Kale: A How-To Guide

Raw, plain kale is sooo delicious.... said no-one ever.

Ok, I love me some kale, but the first handful of times I had it it was in a salad and I was not impressed. It was raw, tough, and treated like any other green.

Well, kale is not any other green. You can't just drizzle your favorite dressing on it and expect it to taste like spinach. It's a tough green with an earthy flavor and it needs a little extra work. (Easy work, but work nonetheless.)

Here is my how-to guide with kale. We will cover the types, how to turn it into the perfect salad green, how to sauté it, and how to smoothie it. Trust me, even the biggest kale haters will be asking for seconds!

Types of Kale

There are three main types of kale I typically see offered here in the PNW.

Curly Kale~ This is the type people probably think of when they hear kale. Its a bight green color and has frilly leaves with a long, tough stem. Curly kale is great in soups because it is so hearty. It works well in salads but may take an extra minute or two of massaging (see below). It does a great job of staying good in the fridge for a while after being massaged in oil, perfect for meal prepping!

Lacinato Kale~ Not to play favorites... but this is my favorite. It is also known as Tuscan, Italian, or Dino kale. I would imagine it gets the name Dino kale because it resembles their scaly skin. It is a deep green color, thinner stems, and the leaves are long and thin, without any of the curliness of curly kale. This makes them easy to wash, which I appreciate. These are great for soups, stews, smoothies (but beware that they make your smoothies a dark color), and breakdown a little faster when massaging for salads.

Redbor Kale~ This kale has a gorgeous purple-red stem that makes any kale dish #instagoals. It's got the same leaf profile as curly kale and can be used in the same way. In addition to eating because it's yummy, this is a kale that people actually use ornamentally in their garden or as a pretty garnish when plating.


The biggest kale salad mistake is that people forget the most important step- massaging. Even kale appreciates a good full body massage, and you will too after trying this out. Honestly, massaged kale is the difference between never wanting to eat kale again to making it a weekly staple. Here is what you do anytime you use kale in a salad~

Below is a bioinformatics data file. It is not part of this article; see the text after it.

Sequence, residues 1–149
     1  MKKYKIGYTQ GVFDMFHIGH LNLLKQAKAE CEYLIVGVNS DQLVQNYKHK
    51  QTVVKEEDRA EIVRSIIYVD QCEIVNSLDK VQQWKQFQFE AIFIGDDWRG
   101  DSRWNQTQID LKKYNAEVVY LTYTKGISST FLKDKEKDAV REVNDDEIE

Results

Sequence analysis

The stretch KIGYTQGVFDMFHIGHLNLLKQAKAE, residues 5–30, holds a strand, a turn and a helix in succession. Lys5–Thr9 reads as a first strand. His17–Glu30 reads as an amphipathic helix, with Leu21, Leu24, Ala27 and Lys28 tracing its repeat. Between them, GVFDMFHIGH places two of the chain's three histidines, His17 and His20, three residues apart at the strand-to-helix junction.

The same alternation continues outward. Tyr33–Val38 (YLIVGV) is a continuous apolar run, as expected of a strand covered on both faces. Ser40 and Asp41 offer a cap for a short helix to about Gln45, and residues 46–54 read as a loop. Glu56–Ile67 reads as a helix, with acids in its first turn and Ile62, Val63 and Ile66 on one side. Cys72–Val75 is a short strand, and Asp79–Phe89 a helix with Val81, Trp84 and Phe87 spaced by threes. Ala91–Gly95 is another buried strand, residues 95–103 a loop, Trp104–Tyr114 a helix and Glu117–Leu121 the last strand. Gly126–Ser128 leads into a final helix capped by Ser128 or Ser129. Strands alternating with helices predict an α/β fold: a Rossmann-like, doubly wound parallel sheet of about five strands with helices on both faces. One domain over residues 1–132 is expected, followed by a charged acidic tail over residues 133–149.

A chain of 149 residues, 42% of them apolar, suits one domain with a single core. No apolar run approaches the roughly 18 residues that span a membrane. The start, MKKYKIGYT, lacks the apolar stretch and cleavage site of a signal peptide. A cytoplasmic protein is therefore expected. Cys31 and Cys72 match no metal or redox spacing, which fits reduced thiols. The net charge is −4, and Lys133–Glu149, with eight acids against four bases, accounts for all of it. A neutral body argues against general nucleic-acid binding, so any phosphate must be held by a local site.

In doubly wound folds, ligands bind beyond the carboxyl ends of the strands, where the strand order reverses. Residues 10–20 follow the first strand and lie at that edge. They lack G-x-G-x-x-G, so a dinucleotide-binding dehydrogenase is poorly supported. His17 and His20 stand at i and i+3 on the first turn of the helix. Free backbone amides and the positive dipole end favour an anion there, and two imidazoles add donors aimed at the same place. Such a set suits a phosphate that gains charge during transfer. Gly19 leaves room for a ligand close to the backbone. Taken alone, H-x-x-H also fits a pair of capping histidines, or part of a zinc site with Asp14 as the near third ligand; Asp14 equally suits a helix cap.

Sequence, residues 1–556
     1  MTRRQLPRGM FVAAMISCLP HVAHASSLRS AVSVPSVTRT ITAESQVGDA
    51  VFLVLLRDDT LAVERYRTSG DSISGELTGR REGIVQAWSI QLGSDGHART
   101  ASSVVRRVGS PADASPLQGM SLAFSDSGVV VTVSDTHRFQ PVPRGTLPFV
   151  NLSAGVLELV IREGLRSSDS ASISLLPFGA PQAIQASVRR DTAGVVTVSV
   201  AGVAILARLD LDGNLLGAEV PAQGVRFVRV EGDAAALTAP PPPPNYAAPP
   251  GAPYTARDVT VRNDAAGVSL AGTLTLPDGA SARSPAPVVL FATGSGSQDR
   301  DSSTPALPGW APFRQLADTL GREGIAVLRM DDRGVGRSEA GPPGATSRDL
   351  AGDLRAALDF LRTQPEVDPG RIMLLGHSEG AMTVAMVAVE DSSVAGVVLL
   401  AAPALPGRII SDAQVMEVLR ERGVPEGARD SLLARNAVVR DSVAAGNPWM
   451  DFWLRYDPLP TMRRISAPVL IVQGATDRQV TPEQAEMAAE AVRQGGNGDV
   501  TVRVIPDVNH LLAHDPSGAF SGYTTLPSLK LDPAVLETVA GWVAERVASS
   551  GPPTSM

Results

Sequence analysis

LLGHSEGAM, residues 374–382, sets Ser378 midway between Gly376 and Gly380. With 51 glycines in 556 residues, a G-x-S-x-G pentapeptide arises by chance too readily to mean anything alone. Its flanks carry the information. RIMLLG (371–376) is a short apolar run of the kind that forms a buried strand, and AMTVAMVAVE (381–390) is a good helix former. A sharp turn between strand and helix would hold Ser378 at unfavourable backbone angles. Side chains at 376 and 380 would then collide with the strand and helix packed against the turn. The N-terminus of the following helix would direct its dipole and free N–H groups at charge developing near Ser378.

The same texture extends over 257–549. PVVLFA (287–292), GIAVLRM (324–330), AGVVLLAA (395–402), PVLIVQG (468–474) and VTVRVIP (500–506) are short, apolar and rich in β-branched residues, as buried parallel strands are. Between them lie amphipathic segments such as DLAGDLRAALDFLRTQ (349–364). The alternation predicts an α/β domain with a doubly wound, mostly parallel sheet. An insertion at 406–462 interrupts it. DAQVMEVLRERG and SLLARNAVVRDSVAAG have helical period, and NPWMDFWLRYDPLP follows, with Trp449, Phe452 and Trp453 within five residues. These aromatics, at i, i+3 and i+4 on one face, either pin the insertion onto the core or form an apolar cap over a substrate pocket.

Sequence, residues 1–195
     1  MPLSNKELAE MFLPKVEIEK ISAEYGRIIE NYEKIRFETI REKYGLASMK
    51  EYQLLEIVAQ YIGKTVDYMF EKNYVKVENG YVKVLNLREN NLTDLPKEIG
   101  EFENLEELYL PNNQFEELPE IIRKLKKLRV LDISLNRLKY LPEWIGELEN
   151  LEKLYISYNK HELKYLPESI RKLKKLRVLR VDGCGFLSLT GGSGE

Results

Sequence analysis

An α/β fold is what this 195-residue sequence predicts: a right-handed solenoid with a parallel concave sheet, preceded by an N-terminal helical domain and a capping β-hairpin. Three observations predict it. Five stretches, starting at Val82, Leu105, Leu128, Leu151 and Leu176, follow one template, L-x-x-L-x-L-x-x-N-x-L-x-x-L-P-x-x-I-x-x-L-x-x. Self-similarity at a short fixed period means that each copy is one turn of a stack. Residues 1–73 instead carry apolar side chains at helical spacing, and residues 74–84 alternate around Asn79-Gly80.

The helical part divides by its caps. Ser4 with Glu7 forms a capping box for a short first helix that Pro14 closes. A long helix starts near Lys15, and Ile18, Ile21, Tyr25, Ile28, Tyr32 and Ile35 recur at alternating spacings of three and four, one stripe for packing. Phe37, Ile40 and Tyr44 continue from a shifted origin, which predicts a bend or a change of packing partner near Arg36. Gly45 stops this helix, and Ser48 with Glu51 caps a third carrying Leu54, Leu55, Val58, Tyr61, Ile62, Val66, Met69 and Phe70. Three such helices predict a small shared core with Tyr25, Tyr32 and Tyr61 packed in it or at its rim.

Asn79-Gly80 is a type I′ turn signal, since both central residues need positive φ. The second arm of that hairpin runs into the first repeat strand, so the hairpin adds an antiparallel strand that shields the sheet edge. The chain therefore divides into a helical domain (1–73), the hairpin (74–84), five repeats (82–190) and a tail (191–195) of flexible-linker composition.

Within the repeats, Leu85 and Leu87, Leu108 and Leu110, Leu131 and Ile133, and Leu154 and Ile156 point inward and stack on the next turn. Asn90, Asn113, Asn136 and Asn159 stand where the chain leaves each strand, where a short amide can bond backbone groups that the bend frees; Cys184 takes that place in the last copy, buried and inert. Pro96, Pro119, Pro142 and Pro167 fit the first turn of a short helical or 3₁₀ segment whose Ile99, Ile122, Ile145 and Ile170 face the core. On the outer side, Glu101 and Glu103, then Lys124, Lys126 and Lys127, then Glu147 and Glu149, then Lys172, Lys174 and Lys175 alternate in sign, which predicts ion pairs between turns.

• Take about 4-6 large stalks of kale and wash, de-stem, and chop into bite-sized pieces. Place in medium/large bowl.

  • Add 1/2 teaspoon olive oil + pinch of salt to 2 cups of prepped kale.

  • Massage kale with your bare hands, rubbing the oil and salt into the leaves. Really get in there and squish it between your hands. The greens will get softer, wet looking, and smaller. You are tenderizing them, so to speak, so this is good! Continue for about 2 minutes.

  • Once they have reached a softer texture, add dressings and the rest of your salad toppings to the greens and enjoy!


Kale does really well with sautés. It's such a hearty green, it can handle the heat much better than other greens. This is a great option for any newbie kale eater that isn't sure they're into it yet.

  • Wash about 4-6 kale leaves. Cut out the larger half of the stem and throw in compost or garbage (or you can save for soup recipe, see below). It's ok to have some of the smaller half of the stem intact because it will cook down nicely and is good for you! Chop kale into bitesized pieces.

  • Warm 1 tablespoon avocado oil in a medium-large pan over medium-low heat.

  • Add 1 clove of minced garlic and sauté about 30 seconds.

  • Add kale and salt and pepper to taste. Stir and cook for 3-6 minutes or until you have reached your desired consistency.

  • Remove from heat and enjoy!


Smoothies are a great way to consume kale. The pulverizing of the blades break down the kale so it's much easier to get in your belly. Here are just a couple of things to keep in mind~

  • De-stem the kale first and only use the leaves. The stems can give you a more tart flavor, not ideal for smoothies.

  • If you want to mask the earthiness of the kale, add ripe bananas, coconut water, or some high quality protein powder.

  • Make sure to add plenty of liquid so the smoothie isn't chunky. Gross.

  • Since kale is so hearty, don't be afraid to run the blender a couple of times through. You shouldn't have a chunky smoothie, it should be nice and creamy. If it is chunky, add more liquid and blend again.

What do I do with the stems?

Most of my tips include taking the stems out, but you can actually use the stems! They have lot's of really great nutrients as they are the passage way for nutrients and water to get into the leaves.

The only way I like to use them is in a soup. I chop them up into 1/2 inch pieces, sauté them in some oil with other veggies, and add some broth and herbs/flavor, bringing to a boil. Simmer for about 10 minutes and they should be cooked through!

I hope this guide helps you out the next time you consider adding kale to the weekly menu. It really is a delicious green when it is done right.


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